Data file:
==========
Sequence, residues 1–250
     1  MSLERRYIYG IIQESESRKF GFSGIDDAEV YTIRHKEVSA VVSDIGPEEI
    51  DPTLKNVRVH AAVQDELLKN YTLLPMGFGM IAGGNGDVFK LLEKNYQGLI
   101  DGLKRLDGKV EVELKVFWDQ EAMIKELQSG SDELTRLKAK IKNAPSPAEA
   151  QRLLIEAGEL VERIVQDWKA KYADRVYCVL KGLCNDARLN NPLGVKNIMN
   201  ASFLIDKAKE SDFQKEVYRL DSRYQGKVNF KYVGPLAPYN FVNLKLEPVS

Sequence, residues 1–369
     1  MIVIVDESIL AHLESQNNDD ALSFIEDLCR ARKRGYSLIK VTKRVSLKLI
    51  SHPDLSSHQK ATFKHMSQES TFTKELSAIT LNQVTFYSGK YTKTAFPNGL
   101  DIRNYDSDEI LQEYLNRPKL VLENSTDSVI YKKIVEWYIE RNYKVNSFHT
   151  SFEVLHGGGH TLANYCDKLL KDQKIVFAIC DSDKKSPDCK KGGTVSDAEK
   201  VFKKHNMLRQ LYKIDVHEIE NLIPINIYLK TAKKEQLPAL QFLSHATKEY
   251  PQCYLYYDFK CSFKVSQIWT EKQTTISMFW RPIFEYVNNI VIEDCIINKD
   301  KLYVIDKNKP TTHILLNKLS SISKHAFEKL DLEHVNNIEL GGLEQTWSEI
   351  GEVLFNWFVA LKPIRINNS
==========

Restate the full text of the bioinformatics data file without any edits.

Sequence, residues 1–250
     1  MSLERRYIYG IIQESESRKF GFSGIDDAEV YTIRHKEVSA VVSDIGPEEI
    51  DPTLKNVRVH AAVQDELLKN YTLLPMGFGM IAGGNGDVFK LLEKNYQGLI
   101  DGLKRLDGKV EVELKVFWDQ EAMIKELQSG SDELTRLKAK IKNAPSPAEA
   151  QRLLIEAGEL VERIVQDWKA KYADRVYCVL KGLCNDARLN NPLGVKNIMN
   201  ASFLIDKAKE SDFQKEVYRL DSRYQGKVNF KYVGPLAPYN FVNLKLEPVS

Sequence, residues 1–369
     1  MIVIVDESIL AHLESQNNDD ALSFIEDLCR ARKRGYSLIK VTKRVSLKLI
    51  SHPDLSSHQK ATFKHMSQES TFTKELSAIT LNQVTFYSGK YTKTAFPNGL
   101  DIRNYDSDEI LQEYLNRPKL VLENSTDSVI YKKIVEWYIE RNYKVNSFHT
   151  SFEVLHGGGH TLANYCDKLL KDQKIVFAIC DSDKKSPDCK KGGTVSDAEK
   201  VFKKHNMLRQ LYKIDVHEIE NLIPINIYLK TAKKEQLPAL QFLSHATKEY
   251  PQCYLYYDFK CSFKVSQIWT EKQTTISMFW RPIFEYVNNI VIEDCIINKD
   301  KLYVIDKNKP TTHILLNKLS SISKHAFEKL DLEHVNNIEL GGLEQTWSEI
   351  GEVLFNWFVA LKPIRINNS